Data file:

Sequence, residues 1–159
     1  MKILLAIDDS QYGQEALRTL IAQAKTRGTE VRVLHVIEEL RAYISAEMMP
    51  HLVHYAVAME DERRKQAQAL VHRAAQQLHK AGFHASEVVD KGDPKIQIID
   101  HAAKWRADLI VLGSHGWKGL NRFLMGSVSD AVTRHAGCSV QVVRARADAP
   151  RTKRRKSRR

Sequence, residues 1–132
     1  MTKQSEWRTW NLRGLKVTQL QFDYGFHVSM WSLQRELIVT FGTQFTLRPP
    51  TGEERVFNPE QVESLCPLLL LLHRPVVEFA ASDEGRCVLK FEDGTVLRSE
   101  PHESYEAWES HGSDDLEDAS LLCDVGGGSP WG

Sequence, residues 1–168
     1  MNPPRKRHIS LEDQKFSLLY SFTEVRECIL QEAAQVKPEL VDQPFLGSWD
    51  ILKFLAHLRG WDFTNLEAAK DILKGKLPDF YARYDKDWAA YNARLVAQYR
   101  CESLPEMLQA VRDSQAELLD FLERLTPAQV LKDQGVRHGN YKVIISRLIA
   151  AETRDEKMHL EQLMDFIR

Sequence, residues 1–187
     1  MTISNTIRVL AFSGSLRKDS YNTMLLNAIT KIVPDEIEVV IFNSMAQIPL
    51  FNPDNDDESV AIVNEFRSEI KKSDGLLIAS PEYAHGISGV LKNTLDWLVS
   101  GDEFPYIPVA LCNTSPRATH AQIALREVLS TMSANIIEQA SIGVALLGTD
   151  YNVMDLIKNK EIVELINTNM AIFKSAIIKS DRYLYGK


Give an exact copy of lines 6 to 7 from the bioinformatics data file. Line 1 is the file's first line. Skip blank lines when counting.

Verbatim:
Sequence, residues 1–132
     1  MTKQSEWRTW NLRGLKVTQL QFDYGFHVSM WSLQRELIVT FGTQFTLRPP